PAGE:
Author: S. A. Bodeen
Publisher: Feiwel & Friends
Release Date: August 21, 2012
Acquired: Once Upon a Twilight ARC Tour
The Raft is a contemporary young adult novel by S. A. Bodeen that follows Robie – a fifteen year old girl who lives with her research scientist parents on Midway Island – after her plane crash on her flight home from Honolulu, Hawaii.
The Writing of The Raft is perfect for a young adult reader, but still has crossover appeal for adult readers. It is not too technical and does not use terminology that would potentially be daunting for a more reluctant reader. There are scientific facts woven into the story, but it is done in such a way that makes the story flow and could very possibly interest a reader into finding out more about various settings, creatures, situations, etc. in the novel.
While it is not too technical in structure, there is definitely a literary streak to the story. Robie found herself in two old-fashioned literary conflicts – Man Vs. Nature and Man Vs. Himself (okay – Girl Vs.). She found herself at odds with the elements and wildlife throughout the story, in addition to the hard decisions that she was forced to make in order to survive – along with dealing with their repercussions. This is a modern book would be great to read in a classroom setting since it does not have the intimidation connotation that lingers around “classics”. There is current pop culture references made throughout the story that I believe would make it even more appealing.
As for character development, Robie is sensational. Readers get to see her grow so much, and I never found myself doubting her choices or behavior during her fight for survival. Max, on the other hand, had quite a few holes. I had difficulty connecting with or caring for him. *Spoiler* Castaway was able to pull a similar character off more efficiently. I cried when Wilson drifted away. With Max, I basically shrugged and went about my business. *End of Spoiler* Honestly, I was more attached the seal that makes an appearance in the book.
My biggest gripe about the writing was that the story felt a bit cliché at times. I feel like this is done quite a bit in the young adult [non]genre, but I can definitely see where a bit of a formula can make a book easier to read. 4/5 Stars
The World Building was so well done that I felt as if I was reading a true account of someone’s survival. Robie was very convincing in her reactions to her various circumstances, and I battled nature and those inner demons right along with her. Bodeen’s implementation of trivial knowledge about the survival kit, sea life, and the islands better illustrated the situations of being lost at sea and life in the Pacific islands for me as a reader, as neither of them are something with which I am familiar. I could see everything in the novel perfectly in my mind, even tasting the salt and fear with Robie. That being said, I’ll probably pass on boarding a cargo flight from Hawaii to Midway if the opportunity ever presents itself. I may also fear tiger sharks more than snakes now. 5/5 Stars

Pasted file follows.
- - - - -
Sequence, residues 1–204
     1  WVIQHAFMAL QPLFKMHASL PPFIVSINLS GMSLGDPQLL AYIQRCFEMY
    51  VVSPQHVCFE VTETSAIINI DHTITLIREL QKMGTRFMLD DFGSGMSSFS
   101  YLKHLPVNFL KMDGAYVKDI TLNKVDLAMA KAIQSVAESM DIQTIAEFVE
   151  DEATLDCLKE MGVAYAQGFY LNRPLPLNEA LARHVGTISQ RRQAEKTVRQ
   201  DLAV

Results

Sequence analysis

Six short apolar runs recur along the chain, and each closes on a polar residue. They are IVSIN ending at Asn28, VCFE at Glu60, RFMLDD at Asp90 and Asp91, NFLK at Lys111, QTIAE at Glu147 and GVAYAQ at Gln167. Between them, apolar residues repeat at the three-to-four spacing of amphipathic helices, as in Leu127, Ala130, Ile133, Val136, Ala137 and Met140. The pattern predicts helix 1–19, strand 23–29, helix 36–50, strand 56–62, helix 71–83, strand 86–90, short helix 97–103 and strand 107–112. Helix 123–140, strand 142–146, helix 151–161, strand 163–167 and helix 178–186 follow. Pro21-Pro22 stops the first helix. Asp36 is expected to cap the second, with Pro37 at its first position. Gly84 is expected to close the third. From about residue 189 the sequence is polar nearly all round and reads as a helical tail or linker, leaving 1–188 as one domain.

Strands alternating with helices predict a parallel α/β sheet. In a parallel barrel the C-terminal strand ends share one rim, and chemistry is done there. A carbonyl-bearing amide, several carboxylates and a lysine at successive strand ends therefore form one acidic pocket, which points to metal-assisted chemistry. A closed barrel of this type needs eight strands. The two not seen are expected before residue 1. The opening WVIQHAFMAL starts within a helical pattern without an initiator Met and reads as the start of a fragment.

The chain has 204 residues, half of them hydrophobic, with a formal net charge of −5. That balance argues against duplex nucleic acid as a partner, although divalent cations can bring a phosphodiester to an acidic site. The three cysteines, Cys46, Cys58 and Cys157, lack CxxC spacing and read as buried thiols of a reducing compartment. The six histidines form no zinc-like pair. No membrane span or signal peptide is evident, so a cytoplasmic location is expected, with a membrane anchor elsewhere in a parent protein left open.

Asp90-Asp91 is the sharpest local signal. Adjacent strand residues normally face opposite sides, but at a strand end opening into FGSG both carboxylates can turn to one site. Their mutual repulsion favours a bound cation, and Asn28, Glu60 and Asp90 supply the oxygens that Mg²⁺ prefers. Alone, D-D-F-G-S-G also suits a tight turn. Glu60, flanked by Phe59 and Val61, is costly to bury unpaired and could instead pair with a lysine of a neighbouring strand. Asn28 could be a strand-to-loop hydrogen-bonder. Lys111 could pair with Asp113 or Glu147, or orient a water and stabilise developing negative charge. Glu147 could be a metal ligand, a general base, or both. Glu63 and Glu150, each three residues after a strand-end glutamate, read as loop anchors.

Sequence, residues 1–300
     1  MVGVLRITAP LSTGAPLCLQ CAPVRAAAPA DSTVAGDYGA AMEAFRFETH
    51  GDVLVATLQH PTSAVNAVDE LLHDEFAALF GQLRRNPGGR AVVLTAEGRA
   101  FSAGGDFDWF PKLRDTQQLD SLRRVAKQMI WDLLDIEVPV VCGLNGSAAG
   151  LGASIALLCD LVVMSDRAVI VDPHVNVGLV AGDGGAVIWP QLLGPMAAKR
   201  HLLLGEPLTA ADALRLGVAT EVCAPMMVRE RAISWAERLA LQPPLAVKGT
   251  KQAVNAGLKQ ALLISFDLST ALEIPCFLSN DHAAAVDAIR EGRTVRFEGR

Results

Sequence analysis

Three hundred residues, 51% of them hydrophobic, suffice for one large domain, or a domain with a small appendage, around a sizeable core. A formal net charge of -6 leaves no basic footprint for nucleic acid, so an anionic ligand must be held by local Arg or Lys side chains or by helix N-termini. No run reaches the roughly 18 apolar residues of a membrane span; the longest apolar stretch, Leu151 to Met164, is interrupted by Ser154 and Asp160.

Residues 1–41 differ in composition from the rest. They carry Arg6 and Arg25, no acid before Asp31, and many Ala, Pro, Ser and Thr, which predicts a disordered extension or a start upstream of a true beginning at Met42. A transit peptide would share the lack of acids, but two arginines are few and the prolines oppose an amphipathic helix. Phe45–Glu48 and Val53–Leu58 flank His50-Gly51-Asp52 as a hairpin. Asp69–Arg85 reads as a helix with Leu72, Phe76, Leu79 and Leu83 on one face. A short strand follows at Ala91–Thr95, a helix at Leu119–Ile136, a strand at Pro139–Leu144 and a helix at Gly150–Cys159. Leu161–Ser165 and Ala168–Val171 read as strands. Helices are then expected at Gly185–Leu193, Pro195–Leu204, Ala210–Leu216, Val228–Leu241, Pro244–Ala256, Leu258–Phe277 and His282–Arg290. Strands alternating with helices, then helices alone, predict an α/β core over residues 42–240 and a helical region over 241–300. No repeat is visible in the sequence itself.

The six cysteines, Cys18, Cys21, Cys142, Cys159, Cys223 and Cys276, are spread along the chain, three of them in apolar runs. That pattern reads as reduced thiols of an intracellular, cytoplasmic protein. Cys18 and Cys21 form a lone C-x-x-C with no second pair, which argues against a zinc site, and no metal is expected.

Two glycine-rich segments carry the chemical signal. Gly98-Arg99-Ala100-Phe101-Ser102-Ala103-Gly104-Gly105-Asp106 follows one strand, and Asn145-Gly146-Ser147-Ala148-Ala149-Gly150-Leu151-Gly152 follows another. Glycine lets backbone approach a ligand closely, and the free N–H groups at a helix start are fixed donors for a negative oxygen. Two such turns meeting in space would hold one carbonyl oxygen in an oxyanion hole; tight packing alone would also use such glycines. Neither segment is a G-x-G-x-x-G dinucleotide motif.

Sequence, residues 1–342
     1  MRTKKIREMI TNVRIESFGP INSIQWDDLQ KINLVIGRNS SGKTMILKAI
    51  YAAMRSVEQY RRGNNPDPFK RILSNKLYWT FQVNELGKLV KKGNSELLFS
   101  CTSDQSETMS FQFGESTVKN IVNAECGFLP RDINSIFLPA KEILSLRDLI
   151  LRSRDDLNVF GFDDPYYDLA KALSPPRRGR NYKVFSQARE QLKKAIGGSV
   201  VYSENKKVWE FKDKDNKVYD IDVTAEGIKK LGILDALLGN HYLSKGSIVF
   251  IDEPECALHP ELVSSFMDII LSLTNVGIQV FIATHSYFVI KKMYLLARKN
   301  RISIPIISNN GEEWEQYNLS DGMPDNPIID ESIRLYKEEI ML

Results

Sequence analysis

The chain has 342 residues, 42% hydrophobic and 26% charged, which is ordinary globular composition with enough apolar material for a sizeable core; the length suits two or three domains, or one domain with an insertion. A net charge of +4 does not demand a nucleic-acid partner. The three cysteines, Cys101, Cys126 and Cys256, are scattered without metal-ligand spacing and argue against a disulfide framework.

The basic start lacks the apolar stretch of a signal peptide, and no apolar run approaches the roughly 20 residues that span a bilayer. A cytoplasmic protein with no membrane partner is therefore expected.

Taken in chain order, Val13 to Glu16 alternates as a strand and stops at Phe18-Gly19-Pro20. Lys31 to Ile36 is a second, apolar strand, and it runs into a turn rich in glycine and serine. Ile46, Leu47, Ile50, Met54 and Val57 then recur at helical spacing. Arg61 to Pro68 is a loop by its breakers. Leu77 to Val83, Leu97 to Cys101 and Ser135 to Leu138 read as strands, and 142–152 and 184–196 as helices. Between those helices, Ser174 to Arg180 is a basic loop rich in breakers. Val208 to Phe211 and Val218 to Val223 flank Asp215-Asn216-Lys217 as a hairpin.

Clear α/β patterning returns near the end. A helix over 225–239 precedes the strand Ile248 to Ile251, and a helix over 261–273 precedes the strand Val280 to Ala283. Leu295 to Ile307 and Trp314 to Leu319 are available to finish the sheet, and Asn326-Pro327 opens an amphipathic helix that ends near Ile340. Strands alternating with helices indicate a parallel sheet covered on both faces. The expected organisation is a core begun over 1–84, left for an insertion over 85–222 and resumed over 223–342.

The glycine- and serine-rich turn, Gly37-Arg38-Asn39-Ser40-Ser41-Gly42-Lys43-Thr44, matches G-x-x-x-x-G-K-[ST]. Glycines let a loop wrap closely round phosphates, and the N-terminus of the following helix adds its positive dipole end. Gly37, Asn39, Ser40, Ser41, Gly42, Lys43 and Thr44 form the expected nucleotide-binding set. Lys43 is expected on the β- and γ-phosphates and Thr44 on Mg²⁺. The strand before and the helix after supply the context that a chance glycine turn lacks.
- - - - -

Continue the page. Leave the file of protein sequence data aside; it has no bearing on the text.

I could not put this book down, so my Attention Span was at one hundred percent. I was glued to the pages, desperate to discover what would befall Robie in the coming chapters. This is not my usual reading material, but I was besotted nonetheless. I was gripping the book for dear life (Robie’s, of course), and on board for its entirety. 5/5 Stars
The Pacing of the novel was perfect, and it is not a long book. I did not ever feel that I was being fed the literary equivalent of pink slime (filler). All of the scenes were necessary to the flow of the novel, and were put together in such a way that my interest never faded. 5/5 Stars
The imminent danger, fear, and horror that saturated the book were all a part of the Extra Magic of The Raft. I believe that is what kept me reading the story. I was disturbed, and one of my usual deal-breakers happened in the course of the novel. Despite that – and maybe because of it, as it worked for the story – I could not put the book down at any point. 5/5 Stars
As I conclude, the main thing important to mention is that the book should be enjoyed by a more mature teen that can handle the intense situations in the story. I would see no problem with a tween picking this book up if they are not weak at heart when it comes to survival. The Raft is a harrowing story of a young girl struggling against the elements and choices, and it is most assuredly a book not to be missed.
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To satisfy FTC guidelines, I am disclosing that I received the book for reviewing purposes as a part of the Once Upon a Twilight ARC Tour in exchange for an honest review. The book was likely provided to the tour by either the publisher or author, which has had no effect on the outcome. All opinions expressed are honest and my own.